Rise of Apple Pay drives DBS to push for cashless Singapore

The popularity of mobile payment service Apple Pay since it started here in April has prompted DBS Bank to step up efforts to drive a cashless Singapore.

More than 47,000 of DBS' credit and debit cards have been put into the Apple Pay system, said Mr Anthony Seow, the bank's head of cards and unsecured loans in the consumer banking division.

He added yesterday that 45 per cent of the cardholders who actively used Apple Pay had made three or more transactions in the past two weeks.

The new system has not only encouraged more people to use contactless payments, but also increased the frequency of such payments and the amount spent.

The bank's credit card users on Apple Pay now average three contactless transactions a week, up from two a week before Apple Pay came in.

Debit card users are even keener. They used to make only one contactless payment a week, but Apple Pay has lifted that to an average of three. The amount Apple Pay credit card users spend increased by an average of 108 per cent, compared with before the service began, while debit card users shell out an average of 166 per cent more.

Apple Pay started here on April 19 and with only American Express cards. On May 25, five banks, including DBS, signed up, allowing credit and debit card users to tap and pay with their mobile devices. The other four are POSB, OCBC Bank, United Overseas Bank (UOB) and Standard Chartered Bank.

Consumers add their card details to a digital wallet on their iPhones, iPads and Apple Watches, and make payments with a tap on terminals with a contactless payment reader.

DBS is confident that contactless payments will continue to take off, which is why it is leading an industry effort to raise a general $100 transaction limit for contactless payments - to prevent the abuse of lost cards - to $200, and eventually to do away with limits entirely.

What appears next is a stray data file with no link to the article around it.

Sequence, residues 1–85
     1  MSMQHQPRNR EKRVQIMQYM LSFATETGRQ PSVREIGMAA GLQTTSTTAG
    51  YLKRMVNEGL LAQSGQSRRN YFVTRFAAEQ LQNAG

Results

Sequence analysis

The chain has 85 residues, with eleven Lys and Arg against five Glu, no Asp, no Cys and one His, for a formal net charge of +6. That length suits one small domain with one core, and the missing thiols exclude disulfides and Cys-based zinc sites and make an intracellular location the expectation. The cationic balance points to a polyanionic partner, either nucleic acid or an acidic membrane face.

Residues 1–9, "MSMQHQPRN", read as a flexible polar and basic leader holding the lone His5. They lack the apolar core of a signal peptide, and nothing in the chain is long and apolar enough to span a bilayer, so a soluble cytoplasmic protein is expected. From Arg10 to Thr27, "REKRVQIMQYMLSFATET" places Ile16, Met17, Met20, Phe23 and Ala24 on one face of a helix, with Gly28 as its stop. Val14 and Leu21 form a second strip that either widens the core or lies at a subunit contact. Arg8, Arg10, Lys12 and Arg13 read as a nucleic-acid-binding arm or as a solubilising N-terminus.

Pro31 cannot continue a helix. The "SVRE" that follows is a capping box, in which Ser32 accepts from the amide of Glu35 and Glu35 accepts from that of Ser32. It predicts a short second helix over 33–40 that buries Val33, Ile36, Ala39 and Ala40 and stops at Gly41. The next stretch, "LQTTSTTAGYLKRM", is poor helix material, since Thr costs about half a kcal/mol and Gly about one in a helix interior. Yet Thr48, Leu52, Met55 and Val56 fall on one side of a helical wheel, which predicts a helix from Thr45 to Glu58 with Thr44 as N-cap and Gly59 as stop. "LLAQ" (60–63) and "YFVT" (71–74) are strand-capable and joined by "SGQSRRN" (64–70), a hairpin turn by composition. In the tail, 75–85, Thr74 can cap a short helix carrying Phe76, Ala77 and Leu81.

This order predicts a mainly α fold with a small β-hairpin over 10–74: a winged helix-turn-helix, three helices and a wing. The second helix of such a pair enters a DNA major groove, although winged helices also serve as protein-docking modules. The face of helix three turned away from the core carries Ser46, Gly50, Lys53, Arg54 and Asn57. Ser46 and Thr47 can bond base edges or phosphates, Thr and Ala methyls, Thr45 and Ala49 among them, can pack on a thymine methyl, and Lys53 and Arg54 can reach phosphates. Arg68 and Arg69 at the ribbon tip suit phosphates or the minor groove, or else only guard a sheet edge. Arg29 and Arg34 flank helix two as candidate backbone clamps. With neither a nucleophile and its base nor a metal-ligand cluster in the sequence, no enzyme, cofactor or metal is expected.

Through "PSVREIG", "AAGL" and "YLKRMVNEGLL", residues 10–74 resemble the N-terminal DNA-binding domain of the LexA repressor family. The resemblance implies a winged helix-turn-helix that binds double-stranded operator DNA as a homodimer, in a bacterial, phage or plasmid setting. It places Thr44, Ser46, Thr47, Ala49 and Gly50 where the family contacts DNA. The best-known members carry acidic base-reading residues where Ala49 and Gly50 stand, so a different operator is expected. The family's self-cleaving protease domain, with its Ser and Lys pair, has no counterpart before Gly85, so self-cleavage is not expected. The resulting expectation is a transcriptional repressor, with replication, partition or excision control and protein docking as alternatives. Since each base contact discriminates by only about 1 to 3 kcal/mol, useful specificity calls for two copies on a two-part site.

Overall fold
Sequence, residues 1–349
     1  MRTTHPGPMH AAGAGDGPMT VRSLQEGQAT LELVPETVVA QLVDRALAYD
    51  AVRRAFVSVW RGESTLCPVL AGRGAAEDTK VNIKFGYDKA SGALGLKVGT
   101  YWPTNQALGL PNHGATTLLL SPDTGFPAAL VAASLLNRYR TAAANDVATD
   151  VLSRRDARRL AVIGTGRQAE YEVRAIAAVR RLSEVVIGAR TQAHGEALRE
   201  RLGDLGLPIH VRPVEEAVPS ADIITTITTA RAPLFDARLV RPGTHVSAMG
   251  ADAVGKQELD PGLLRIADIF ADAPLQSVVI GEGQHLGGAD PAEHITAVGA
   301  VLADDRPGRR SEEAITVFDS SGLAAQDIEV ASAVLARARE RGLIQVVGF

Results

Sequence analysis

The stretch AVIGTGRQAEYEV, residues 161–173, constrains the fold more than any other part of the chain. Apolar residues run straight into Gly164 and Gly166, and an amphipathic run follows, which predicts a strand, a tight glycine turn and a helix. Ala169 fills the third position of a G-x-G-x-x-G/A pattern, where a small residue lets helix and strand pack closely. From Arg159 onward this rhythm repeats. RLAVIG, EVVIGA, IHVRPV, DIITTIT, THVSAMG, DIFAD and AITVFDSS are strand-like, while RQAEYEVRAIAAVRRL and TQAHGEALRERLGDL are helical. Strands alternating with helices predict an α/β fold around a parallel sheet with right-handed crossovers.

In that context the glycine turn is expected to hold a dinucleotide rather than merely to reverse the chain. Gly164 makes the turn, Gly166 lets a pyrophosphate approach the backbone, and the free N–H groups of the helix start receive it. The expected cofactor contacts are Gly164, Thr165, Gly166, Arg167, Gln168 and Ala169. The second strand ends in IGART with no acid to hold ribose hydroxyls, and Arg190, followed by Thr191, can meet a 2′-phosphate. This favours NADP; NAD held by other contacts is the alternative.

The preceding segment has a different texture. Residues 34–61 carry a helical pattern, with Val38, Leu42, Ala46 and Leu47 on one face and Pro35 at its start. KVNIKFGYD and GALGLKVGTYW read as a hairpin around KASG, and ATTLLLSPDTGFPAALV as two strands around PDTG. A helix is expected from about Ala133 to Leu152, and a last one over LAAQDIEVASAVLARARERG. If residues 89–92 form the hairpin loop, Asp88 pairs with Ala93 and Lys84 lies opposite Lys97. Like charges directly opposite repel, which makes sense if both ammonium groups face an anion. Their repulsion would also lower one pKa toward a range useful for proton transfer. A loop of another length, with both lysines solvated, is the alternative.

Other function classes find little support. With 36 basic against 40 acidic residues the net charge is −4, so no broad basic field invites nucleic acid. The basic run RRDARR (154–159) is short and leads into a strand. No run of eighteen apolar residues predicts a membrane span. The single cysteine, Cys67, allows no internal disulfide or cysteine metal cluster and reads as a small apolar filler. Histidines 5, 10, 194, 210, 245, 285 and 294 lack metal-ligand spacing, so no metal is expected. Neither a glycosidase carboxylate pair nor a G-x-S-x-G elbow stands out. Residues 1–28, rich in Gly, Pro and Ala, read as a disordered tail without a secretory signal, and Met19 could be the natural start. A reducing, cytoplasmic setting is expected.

Mr Seow said: "Since last year, we've been engaging the main schemes such as Visa and MasterCard to make changes at the country level."

UOB has already lifted the $100 transaction limit for mobile contactless payments at its terminals. It now follows the card limit instead. Mr Seow said: "UOB has gone in the right direction and we are doing it too, but we want to make sure this is consistent across the industry, so consumers will not be confused."

DBS also announced its latest payment system called DBS FasTrack, which targets smaller businesses and their customers.

Consumers now can download the FasTrack app for tea and coffee chain Old Tea Hut's Marina Bay Link Mall outlet to place and pay for an advance order and then to collect it once it is ready.

The app has been downloaded more than 2,500 times since its release two weeks ago.

Mr Seow said over 4,000 drinks have been sold in 11 days via the app, increasing sales at the outlet by more than 10 per cent.

Food chain Old Kim Guan also started using the system this week and Five Star Chicken Rice will start soon, said DBS. The target is to expand this to 200 locations by early next year.

Mr Seow said: "With all our plans, the idea is to displace cash, provide a pleasant consumer journey and platforms to help merchants go cashless and drive up productivity."

This article was first published on Jun 10, 2016.
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